SearchProductPage.js

/// <reference types ="cypress"/>class SearchProduct { SearchProduct(searchProductName) { cy.get('[name="search"]').eq(0).type(searchProductName); cy.get('[type="submit"]').eq(0).click(); } verifyProduct(productName) { cy.contains(productName); }}const searchProduct = new SearchProduct();export default searchProduct;

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How to set up Cucumber and create a feature file?

In this section of this Cypress Cucumber tutorial, we will install and set up Cucumber and create a feature file to perform testing.

Installing Cucumber

Step 1: To install Cucumber, run this command.

npm install — save-dev cypress-cucumber-preprocessor

Terminal output:

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Once installed, Cucumber devDependency in package.json can be seen below.

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Step 2: Add below code snippet in cypress > plugins > index.js.

const cucumber = require("cypress-cucumber-preprocessor").default;module.exports = (on, config) => { // "on" is used to hook into various events Cypress emits // "config" is the resolved Cypress config on("file:preprocessor", cucumber());};

Step 3: Add the below code snippet in package.json.

"cypress-cucumber-preprocessor": { "nonGlobalStepDefinitions": true }

Step 4: Add the below line in cypress.json.

{ "testFiles": "**/*.feature"}

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Create a feature file

After creating Test and Page folders, the next in this Cypress Cucumber tutorial fis to create a .feature file.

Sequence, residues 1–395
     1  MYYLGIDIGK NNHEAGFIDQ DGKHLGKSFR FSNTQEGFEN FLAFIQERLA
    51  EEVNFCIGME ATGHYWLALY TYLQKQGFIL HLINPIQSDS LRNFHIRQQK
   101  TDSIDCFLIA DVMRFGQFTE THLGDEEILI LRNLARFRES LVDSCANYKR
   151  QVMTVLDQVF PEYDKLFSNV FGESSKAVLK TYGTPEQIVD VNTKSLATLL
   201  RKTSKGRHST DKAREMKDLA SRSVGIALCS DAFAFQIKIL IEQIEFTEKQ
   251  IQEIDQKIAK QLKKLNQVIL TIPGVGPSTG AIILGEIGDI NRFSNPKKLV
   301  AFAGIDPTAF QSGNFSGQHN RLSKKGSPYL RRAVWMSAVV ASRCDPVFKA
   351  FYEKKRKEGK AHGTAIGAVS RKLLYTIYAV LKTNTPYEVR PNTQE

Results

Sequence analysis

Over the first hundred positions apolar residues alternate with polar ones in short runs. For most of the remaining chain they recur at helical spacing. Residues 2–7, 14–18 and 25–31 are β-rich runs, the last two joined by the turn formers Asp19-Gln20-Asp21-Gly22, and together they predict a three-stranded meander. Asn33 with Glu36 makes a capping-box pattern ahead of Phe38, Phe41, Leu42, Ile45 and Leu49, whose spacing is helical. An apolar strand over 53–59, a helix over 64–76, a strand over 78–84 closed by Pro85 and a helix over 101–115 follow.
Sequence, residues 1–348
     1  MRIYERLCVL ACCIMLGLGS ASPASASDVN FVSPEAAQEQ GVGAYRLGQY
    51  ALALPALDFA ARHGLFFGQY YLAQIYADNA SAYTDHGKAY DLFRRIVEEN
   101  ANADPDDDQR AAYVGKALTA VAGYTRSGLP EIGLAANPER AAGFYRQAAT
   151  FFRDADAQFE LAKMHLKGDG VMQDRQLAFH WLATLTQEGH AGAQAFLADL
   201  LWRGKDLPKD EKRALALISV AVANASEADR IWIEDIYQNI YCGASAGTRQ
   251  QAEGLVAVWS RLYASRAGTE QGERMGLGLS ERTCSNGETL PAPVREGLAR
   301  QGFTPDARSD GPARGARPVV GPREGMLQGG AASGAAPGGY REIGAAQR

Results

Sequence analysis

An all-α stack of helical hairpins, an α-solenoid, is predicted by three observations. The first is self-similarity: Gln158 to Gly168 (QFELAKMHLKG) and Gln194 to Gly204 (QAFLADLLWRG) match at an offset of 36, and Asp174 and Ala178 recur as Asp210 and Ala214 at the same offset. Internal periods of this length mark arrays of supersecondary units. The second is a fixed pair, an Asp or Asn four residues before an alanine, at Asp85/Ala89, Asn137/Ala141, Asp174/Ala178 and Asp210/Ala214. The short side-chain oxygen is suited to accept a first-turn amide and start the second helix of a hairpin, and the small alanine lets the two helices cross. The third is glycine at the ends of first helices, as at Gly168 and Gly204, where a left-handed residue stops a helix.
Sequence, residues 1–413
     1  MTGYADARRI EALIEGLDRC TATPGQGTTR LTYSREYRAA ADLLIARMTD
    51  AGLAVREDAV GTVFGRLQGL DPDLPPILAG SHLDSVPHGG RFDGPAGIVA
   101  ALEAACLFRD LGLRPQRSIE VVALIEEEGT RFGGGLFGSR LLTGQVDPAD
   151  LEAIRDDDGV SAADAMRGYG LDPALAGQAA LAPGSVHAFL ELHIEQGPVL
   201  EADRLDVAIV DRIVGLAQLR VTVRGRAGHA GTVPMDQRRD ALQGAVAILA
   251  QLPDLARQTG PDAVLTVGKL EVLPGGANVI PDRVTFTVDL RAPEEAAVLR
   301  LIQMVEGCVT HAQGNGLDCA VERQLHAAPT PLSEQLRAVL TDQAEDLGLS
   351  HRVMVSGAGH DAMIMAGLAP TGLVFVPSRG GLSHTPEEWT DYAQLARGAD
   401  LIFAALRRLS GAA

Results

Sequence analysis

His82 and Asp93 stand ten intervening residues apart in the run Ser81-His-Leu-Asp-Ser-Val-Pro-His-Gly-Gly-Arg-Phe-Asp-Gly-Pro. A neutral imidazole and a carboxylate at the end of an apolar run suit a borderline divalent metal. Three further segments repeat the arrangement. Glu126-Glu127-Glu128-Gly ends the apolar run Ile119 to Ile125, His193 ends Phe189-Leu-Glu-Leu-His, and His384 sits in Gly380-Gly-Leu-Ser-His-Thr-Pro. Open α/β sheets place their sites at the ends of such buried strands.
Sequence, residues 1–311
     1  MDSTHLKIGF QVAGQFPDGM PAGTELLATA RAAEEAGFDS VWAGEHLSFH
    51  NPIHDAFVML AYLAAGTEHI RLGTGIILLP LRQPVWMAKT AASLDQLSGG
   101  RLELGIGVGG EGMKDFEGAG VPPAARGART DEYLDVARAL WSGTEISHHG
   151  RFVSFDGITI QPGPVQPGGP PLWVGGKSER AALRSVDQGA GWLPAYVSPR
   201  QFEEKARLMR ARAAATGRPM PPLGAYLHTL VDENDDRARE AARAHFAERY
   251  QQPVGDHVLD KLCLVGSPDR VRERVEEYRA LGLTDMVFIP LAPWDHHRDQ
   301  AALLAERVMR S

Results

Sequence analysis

At the Tests folder level, create the feature files with the name LoginTest.feature and SearchProductTest.feature.

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LoginTest.feature

Feature: I want to login into the site with valid data Background: Given I navigate to the Website Scenario: Login as new sign up user with valid data When I entered valid credential | email | validpassword | | lambdatest@yopmail.com | lambdatest | And User click on sign in button Then Validate the title after login

SearchProductTest.feature

Feature: I want to login into the site with valid data Background: Given I navigate to the Website Scenario: Login as new sign up user with valid data When I entered valid credential | email | validpassword | | lambdatest@yopmail.com | lambdatest | And User click on sign in button Then Validate the title after login Scenario: Search the Product When User search the product Then Validate the product after search | product | productaftersearch | | VAIO | Sony VAIO |

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How to run Cypress test cases locally?